Bravo, Gov. Walker.
True, however, I think Governor Walker can use the clicks on his page as a measure of the support he has from real Americans.
The N.Y.Times has an agenda and they slant their news to fit that preconceived agenda.
You getting much spring in Tenn. yet?
Surprised to see Pat Summits team lose last night here.
Libs (and RINOs) have a problem with balanced budgets. They’d rather see the state or nation go seriously into the red, losing millions in interest, than do the work of grown ups and cut spending.
re: clicks on his page as a measure of the support
Good thinking! I went right over there and left him a quick email of support. He’ll probably never see it, but maybe his staff will tell him the email is running overwhelmingly in his favor!
Just a pet peeve but I wish he didn’t use “begs the question” when he meant “raises the question”.
Thank you for posting the article PapaBear.
Incredible....but I quess I shouldn't be surprised. True journalism got flushed down the toilet years ago.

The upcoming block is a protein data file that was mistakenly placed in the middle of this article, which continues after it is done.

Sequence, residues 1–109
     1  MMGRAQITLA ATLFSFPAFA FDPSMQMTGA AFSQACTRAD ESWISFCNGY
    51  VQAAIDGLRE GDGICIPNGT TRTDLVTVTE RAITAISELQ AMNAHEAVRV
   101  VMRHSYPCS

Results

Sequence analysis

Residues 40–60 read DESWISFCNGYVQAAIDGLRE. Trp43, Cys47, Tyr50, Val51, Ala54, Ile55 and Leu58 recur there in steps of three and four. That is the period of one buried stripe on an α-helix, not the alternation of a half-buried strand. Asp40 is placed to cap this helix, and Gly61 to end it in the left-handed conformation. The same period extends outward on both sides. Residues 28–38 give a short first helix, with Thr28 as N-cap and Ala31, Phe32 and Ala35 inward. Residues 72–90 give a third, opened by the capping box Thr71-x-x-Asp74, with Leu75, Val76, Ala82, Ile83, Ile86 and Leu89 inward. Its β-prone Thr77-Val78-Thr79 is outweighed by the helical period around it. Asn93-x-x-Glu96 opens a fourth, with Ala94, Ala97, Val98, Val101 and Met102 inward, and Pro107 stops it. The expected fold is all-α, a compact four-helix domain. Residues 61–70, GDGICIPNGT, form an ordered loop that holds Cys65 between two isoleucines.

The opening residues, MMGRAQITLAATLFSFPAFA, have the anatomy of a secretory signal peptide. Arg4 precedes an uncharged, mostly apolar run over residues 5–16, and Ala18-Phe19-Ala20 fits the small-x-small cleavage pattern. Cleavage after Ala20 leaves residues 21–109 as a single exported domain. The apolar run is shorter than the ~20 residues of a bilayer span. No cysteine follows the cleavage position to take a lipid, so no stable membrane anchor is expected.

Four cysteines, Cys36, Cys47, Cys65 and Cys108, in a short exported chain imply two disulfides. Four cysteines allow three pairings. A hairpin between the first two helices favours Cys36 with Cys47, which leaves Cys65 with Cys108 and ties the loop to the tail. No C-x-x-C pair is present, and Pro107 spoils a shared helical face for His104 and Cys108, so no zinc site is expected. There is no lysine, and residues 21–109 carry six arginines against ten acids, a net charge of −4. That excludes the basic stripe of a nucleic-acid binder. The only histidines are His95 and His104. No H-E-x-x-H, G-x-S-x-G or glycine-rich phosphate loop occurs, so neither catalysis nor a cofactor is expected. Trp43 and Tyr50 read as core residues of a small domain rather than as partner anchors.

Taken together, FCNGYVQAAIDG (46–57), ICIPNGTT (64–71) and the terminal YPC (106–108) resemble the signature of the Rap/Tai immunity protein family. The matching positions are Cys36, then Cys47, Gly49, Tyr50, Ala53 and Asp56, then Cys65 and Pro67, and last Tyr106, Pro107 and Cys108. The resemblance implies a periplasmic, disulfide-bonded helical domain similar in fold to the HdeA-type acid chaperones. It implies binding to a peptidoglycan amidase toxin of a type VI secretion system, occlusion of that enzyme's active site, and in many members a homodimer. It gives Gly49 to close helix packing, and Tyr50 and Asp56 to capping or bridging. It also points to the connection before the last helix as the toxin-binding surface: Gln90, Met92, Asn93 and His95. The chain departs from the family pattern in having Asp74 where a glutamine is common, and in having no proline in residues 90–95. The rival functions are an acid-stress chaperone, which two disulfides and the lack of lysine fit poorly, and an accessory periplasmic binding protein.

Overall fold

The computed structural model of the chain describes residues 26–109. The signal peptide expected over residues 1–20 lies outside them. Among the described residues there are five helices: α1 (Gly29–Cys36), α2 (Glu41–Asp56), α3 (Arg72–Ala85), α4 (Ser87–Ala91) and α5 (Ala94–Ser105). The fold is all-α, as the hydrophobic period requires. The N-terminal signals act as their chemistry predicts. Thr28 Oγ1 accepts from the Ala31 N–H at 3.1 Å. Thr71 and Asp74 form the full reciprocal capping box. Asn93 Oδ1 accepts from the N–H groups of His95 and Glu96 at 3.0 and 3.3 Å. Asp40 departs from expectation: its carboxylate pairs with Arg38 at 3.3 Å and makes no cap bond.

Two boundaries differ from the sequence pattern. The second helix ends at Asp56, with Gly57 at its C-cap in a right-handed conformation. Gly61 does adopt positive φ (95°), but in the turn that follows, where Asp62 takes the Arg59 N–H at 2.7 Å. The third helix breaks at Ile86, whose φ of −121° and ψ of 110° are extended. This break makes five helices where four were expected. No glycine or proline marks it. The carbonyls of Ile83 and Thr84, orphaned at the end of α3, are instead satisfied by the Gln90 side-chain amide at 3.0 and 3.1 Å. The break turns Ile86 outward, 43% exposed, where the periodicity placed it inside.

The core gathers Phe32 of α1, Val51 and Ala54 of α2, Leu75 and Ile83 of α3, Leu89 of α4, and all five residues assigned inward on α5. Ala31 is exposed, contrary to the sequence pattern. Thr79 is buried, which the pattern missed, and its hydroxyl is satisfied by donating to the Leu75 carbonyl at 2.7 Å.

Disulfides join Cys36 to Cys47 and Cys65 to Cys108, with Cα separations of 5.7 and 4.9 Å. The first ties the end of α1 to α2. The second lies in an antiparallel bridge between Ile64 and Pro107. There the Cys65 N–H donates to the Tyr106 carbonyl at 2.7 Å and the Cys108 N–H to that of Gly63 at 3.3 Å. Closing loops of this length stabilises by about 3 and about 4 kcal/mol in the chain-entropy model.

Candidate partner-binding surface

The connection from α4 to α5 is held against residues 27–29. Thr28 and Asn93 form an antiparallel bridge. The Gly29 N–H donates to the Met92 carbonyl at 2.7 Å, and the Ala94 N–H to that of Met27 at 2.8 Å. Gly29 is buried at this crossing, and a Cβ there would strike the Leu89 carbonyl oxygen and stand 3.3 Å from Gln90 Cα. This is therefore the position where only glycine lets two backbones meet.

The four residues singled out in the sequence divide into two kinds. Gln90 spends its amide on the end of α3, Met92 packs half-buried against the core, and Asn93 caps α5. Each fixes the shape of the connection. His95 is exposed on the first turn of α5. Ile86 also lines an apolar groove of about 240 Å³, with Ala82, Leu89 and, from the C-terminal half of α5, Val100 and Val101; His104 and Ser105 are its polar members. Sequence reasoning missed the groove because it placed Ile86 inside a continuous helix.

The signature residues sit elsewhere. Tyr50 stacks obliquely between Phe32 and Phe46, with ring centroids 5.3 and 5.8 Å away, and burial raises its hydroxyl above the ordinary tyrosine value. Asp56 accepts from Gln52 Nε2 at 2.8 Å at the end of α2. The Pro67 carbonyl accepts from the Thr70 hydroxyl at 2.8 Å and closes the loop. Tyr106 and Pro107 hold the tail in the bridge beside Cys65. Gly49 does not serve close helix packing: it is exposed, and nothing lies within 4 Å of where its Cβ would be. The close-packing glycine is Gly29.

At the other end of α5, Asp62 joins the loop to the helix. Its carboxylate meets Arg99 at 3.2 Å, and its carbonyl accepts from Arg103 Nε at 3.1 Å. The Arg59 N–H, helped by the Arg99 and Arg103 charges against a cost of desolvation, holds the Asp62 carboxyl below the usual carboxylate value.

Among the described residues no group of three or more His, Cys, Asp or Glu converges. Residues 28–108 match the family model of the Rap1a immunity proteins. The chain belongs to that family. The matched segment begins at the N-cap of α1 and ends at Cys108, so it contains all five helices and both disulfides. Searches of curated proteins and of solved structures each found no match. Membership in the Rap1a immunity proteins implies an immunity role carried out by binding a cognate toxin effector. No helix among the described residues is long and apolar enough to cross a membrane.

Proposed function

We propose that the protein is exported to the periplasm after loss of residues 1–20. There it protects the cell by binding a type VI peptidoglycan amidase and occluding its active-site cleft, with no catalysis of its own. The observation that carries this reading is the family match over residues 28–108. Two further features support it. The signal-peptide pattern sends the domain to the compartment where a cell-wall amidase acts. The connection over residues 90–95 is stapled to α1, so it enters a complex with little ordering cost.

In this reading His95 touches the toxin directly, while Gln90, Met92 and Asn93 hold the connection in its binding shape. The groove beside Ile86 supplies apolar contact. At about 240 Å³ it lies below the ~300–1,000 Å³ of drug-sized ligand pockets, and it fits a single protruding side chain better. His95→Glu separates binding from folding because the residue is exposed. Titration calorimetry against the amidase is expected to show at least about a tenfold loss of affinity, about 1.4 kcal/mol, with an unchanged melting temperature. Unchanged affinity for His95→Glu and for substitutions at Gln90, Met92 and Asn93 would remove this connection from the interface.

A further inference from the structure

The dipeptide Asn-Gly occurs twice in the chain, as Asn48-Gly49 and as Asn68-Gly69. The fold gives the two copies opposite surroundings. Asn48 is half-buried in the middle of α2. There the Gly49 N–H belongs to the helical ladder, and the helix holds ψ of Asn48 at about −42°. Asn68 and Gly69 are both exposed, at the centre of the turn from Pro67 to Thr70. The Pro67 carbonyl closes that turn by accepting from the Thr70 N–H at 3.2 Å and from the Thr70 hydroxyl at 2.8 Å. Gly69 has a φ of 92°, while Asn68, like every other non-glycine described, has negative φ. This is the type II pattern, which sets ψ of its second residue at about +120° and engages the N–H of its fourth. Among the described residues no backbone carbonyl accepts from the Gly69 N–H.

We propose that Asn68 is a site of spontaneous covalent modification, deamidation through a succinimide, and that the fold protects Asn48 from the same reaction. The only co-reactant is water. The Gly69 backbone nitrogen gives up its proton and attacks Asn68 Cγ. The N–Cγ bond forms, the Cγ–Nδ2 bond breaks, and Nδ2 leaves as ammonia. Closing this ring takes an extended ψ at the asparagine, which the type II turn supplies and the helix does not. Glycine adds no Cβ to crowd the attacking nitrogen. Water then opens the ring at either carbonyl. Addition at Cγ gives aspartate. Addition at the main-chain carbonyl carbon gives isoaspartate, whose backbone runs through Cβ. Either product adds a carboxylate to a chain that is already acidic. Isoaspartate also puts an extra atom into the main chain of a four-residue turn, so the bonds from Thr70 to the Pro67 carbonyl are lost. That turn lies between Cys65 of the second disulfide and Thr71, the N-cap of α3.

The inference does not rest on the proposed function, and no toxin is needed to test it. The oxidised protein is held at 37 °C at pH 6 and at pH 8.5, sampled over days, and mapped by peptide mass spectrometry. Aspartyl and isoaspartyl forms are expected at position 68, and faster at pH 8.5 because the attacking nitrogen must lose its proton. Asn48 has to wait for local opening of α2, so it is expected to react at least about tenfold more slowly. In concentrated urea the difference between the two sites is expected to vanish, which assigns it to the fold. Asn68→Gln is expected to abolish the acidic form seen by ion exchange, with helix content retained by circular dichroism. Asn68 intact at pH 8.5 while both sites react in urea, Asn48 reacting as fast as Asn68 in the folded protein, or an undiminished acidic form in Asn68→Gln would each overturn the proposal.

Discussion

Probably all negative. The NYT is on its way out because more and more former readers see the shallowness of its reporting and its obvious bias favoring socialism.
Indeed, it is refreshing to see responsible, common-sense government policy as put forth by Gov. Walker's unpublished editorial.
Way to go, Gov. Walker!
I believe Gov. Walker published an opinion piece in the Wall Street Journal. I assume it is the same article.
Dogwoods and forsythia are abloom but it's been chilly -- we've had fires in the hearth the last three nights. Nice!
Surprised to see Pat Summits team lose last night here.
I have NO idea what you're talking about. (Heh, heh, insert sports-dummy smiley face here.)
Good. Everybody wants to see a UConn-Stanford rematch.
The key phrase: broken state budget
Then you think wrong. Much of the operating budgets of the States these days consists of Federal funding pursuant to only partially funded mandates. When a conservative Congress whacks that cash flow, Wisconsin will take another hit. It remains to be seen whether they restrain the mandates to match, but the historic record is not promising, particularly commensurate to public expectations. Medicaid funding comes immediately to mind.
Excellent idea and great PR.
Potential interest to your respective lists?
“All the news that fits, we print.”
The slimes has been a joke for two decades.
I wish every state had a Governor Walker.